What led Canada to junk the Arrow

BLAIR FRASER October 25 1958

What led Canada to junk the Arrow

BLAIR FRASER October 25 1958

What led Canada to junk the Arrow



NEVER, not even in June 1957, has Prime Minister Diefenbaker met the press with such well-earned glee as when he announced the discontinuance of our all-Canadian supersonic fighter aircraft, the Avro Arrow. Both times, the prophets and soothsayers had been wrong, but there was a difference. In the case of the Arrow, the ill-starred reporters and their ill-informed sources were misled not just by lack of foreknowledge, but even more by lack of faith.

The plain truth is, nobody thought the government would have the courage to make such a painful decision. The fact that the decision was right didn't carry enough weight. It meant an early end to more than twenty thousand jobs, most of them in the very heartland of the Conservative Party. It went against the emotional urges of all Canadian airforce men. and of most air-force veterans. It disappointed a big Canadian industry with many big Conservative shareholders. In short, it was political poison, of a kind to scare any politician out of a year’s growth.

This is the first time the Conservatives have had to face a choice so difficult. Never before, in seventeen months of office, have they had to look a large number of voters squarely in the eye and say “No.” All governments have to do this sooner or later, but usually it’s unavoidable. This time it wasn’t. There was an obvious, comfortable, not-too-expensive compromise that the government could have adopted, and this was the course that' everybody bet on.

It may seem odd, considering how wrong all the dope stories were, but it is true that the background facts about the Avro Arrow were well known here long before the crucial decision was taken. It was known, and not seriously disputed, that there was no great military need for the Arrow. Even its warmest advocates in the RCAF tended to fall back on economic arguments— the jobs it would create, the drain on U. S. dollar reserves that any alternative would cause, the value of nourishing a Canadian aircraft industry. Nobody really contended with any vigor or conviction that we’d be safer with the Arrow than without it.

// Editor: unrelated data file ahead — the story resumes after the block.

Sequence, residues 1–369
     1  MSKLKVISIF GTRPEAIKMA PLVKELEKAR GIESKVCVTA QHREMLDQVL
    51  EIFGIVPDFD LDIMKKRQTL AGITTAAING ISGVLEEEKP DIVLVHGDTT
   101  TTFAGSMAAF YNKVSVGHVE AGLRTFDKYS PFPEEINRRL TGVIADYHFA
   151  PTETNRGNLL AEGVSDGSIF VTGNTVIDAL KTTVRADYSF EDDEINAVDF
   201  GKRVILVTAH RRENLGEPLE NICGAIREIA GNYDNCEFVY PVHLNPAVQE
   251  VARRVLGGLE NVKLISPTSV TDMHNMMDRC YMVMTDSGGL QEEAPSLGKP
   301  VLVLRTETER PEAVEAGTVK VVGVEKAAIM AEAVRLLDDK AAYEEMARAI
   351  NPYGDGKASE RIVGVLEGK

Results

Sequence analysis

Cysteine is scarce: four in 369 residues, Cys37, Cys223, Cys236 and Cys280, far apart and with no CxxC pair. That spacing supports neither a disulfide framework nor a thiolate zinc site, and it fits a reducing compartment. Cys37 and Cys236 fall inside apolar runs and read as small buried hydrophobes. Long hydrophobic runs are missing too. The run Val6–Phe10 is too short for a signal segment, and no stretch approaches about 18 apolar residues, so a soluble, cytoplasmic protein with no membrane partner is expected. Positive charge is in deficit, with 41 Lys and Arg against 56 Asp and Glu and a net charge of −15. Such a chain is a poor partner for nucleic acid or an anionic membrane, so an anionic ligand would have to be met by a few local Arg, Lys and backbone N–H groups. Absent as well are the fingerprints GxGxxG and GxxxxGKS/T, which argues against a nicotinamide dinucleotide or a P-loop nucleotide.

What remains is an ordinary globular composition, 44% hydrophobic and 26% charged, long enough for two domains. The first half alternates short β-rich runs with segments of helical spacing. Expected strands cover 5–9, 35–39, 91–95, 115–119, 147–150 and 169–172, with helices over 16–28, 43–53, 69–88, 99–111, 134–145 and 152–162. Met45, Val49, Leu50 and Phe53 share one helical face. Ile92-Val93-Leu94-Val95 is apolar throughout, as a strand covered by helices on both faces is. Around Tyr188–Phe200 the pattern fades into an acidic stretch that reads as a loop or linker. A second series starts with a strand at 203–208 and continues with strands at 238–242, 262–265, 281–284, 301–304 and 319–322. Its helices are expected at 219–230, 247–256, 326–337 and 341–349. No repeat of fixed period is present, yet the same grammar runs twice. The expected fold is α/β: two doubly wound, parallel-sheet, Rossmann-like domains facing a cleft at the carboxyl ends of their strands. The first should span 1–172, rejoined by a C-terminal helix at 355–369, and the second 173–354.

But in that case, why did we ever get into the project in the first place? Why did we have to spend four hundred million dollars, from 1953 to next March 31. to find out we didn’t want it?

The answer is that the whole picture has changed since 1953—not just the missile picture, for missiles were not unheard-of even in those ancient days, but the aircraft picture too. The original

decision to develop the Arrow may have been unwise (lots of people opposed it at the time, including C. D. Howe) but it made a lot more sense in 1953 than it does now.

At that time it was already apparent that the all-Canadian CF-100 would be obsolete by the time a replacement could be developed, and the RCAF wanted the replacement to be all-Canadian too. The CF-100 was built to Canadian design for Canadian needs, it was a good aircraft, the RCAF was enormously proud of it and wanted to project it into the supersonic age.

However, it was recognized that supersonic fighters would be vastly more expensive. Even the CF-100 had been costly enough; the RCAF thought it worth the price to have a unique aircraft for Canada’s special requirements, but they’d have been happier if they could have sold the CF-100 abroad and brought the unit cost down. They did sell fifty-three to Belgium for fifty million dollars, but that wasn’t enough. To make it pay, they would have had to sell it to the United States, perhaps for the equipment of other NATO forces like Canadair’s version of the Sabre.

So this time they took very special care. Once the design and specifications had been completed they took the whole project to Washington. They asked: “Does this duplicate anything you are planning to make?”

The Americans answered: “No, it doesn’t. It fills a gap in our line of fighter aircraft.”

The RCAF went to London and asked the same question of the British; same answer. Everybody assured them that it looked like a good aircraft, and one that nobody else proposed to make. Three times in the earlier stages of the

Arrow’s development the RCAF made this pilgrimage of enquiry, and always they got the same reply:

“Go ahead, you’ve got a fine aircraft; God bless you.”